Tuesday, March 30, 2010

French Yoga; Considering Minorities and Culture

Today was an 'immersed in my Acadian Heritage' day. I know I have spoken briefly about how I am Acadienne and currently I have been working hard with providing speech-language pathology services in French for the Francophone-Acadian population of the province. For those who have never experienced a minority language situation, services in your first language make the world of a difference. Especially in a country with two official languages (French and English) and a province with a significant Francophone-Acadian population.

In Halifax alone there are approximately 10,000 first language French speakers, which doesn't count bilingual speakers. It is estimated that there are 95 000 self identified French-Acadians in Nova Scotia. I have encountered so many families who struggle significantly in English, and as a result the Francophone-Acadian community is extremely isolated from the 'anglo' community.

Imagine trying to learn and grow in your practice while at the same time trying decipher what the h*ll the teacher is saying... It's not like a visual demonstration is ever enough (or we'd all just rent DVD's and watch them on mute). We're not always able to look up and watch- we rely heavily on verbal instruction. When you're trying your best to make it through a fast paced class, muddling through understanding what the teacher is actually saying doesn't make for an ideal learning environment. For those of us who have tried, it is mentally exhausting.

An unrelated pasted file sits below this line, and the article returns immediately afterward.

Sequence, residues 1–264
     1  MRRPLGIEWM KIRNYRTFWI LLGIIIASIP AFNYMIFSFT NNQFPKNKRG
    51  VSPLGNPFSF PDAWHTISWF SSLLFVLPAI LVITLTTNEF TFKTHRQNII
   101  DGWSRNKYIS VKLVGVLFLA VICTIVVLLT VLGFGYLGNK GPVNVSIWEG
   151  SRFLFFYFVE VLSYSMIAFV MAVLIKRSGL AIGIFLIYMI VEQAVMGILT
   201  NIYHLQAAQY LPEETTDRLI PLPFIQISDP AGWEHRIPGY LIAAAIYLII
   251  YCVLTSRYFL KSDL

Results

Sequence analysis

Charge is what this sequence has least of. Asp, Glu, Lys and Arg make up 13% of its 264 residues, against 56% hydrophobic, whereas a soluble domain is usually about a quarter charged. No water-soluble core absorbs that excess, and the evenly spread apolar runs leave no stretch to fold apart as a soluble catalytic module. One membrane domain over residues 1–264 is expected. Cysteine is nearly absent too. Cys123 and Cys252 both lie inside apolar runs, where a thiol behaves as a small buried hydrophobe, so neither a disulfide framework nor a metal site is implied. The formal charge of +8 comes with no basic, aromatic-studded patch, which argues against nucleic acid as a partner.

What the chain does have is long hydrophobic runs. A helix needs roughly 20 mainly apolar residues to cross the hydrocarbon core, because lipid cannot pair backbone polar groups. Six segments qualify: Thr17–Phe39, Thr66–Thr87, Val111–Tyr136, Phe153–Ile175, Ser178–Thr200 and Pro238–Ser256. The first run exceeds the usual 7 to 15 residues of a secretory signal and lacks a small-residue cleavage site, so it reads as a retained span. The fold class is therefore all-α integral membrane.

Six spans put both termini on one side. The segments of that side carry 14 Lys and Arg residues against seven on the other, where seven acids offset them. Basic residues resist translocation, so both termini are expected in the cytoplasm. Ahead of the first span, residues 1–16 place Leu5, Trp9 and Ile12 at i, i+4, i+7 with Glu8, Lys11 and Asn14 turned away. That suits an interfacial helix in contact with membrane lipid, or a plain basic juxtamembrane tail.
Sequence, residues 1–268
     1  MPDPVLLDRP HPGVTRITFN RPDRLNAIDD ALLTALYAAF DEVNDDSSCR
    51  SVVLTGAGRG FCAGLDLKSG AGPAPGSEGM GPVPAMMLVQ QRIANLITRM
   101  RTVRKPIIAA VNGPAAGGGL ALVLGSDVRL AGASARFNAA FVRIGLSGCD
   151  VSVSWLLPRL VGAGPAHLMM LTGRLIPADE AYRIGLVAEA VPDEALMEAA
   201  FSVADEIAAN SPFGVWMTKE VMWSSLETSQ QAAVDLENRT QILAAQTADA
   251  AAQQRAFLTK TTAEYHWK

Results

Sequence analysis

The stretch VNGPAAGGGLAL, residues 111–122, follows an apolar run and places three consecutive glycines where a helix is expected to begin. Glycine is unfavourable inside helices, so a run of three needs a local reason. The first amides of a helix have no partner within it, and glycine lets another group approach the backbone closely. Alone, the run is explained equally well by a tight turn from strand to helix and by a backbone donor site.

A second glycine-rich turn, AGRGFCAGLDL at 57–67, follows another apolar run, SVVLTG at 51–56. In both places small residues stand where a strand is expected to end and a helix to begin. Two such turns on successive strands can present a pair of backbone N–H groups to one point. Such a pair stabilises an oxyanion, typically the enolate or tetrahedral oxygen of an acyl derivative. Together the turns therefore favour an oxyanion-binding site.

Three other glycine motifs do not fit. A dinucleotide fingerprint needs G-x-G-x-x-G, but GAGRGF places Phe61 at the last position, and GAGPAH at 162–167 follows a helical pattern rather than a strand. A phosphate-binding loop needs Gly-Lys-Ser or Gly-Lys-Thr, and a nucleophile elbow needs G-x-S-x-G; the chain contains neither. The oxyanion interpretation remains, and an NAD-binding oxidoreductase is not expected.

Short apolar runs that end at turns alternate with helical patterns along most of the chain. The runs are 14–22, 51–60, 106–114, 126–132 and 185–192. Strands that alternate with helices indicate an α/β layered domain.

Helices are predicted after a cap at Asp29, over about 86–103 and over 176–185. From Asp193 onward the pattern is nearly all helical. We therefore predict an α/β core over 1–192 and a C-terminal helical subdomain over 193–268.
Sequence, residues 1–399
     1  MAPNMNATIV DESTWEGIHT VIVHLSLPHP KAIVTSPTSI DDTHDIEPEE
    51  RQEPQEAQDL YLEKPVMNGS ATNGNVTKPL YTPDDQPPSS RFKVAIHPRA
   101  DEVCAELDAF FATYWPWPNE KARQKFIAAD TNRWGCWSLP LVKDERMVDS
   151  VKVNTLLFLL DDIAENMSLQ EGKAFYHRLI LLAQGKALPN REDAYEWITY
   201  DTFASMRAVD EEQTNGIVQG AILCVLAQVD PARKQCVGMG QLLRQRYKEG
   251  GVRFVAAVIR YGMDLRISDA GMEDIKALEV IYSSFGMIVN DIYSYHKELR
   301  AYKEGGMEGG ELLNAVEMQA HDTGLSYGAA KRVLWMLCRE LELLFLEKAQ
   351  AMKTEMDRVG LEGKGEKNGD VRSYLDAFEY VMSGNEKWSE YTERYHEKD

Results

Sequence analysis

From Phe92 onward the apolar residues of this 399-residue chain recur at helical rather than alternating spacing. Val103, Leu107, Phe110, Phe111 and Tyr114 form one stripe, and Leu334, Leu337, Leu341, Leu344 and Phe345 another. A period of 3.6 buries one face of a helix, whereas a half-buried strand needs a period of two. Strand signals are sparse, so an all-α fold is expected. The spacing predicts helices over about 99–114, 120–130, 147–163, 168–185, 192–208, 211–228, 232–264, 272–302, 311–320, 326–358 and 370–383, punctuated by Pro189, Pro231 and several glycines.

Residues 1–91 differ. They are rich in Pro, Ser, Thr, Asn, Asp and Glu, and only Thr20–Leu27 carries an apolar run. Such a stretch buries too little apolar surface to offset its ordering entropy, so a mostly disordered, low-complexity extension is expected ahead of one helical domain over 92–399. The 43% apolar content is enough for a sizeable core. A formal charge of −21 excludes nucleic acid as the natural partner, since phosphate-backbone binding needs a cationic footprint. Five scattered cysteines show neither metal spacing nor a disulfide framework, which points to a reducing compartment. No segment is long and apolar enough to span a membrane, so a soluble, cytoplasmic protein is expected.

How wonderful to offer yoga classes for this significant population!

Unfortunately there are many considerations and marketing specifics in order to best let the community know about a French Yoga class.

When advertising a service that historically has never been available, a very important first step is to market and educate the target community. Making phone calls to local French community centres, contacting local French parent organizations etc. The next step would be to actually provide translated documents- posters, pamphlets or sections of the website. There are actually government funded programs that offer translation services for local organizations. 

It is extremely important to recognize that just because many Francophone speakers (at least here in NS) understand English, that stating there is a class offered in French, in written English, isn't extremely welcoming or inclusive. Why would a Francophone speaker go looking through an English website for information? In Halifax, the best way to inform the Francophone community is through word of mouth. Many individuals here are on the military base, not part of newsletters or Anglophone groups, new 'immigrants' and wouldn't have a clue where to look for this information. A fantastic strategy would be to approach the coordinator of Francophone services at the Military centre herself, and by word of mouth individuals will come.

Finally, the Acadian aspect. Here in Nova Scotia, Acadians (who settled here in the late 15 and early 1600's from France) have a long history of cultural repression and abuse. In 1755 'La déportation' occurred, where Acadians were herded and deported en masse, families separated, houses burned, women abused and raped. A mass forced exodus occurred, with only some tiny villages managing to keep their land from the British (my village was one of them). (Drapeau Acadien)

Fast foward 300 years or so of being told our French was sub-standard, that our culture and Heritage was "less" and you get an entire population of French speakers who do not recognize their right to services. Often we are intimidated by Québecois or France French, rather speaking in English to avoid explaining our 'accent' or archaic grammar-vocabulary. Despite being more comfortable in French, it depends on the speaker as to whether access is initiated (if you'd like specific research results on these statements, please email me, I have them at work)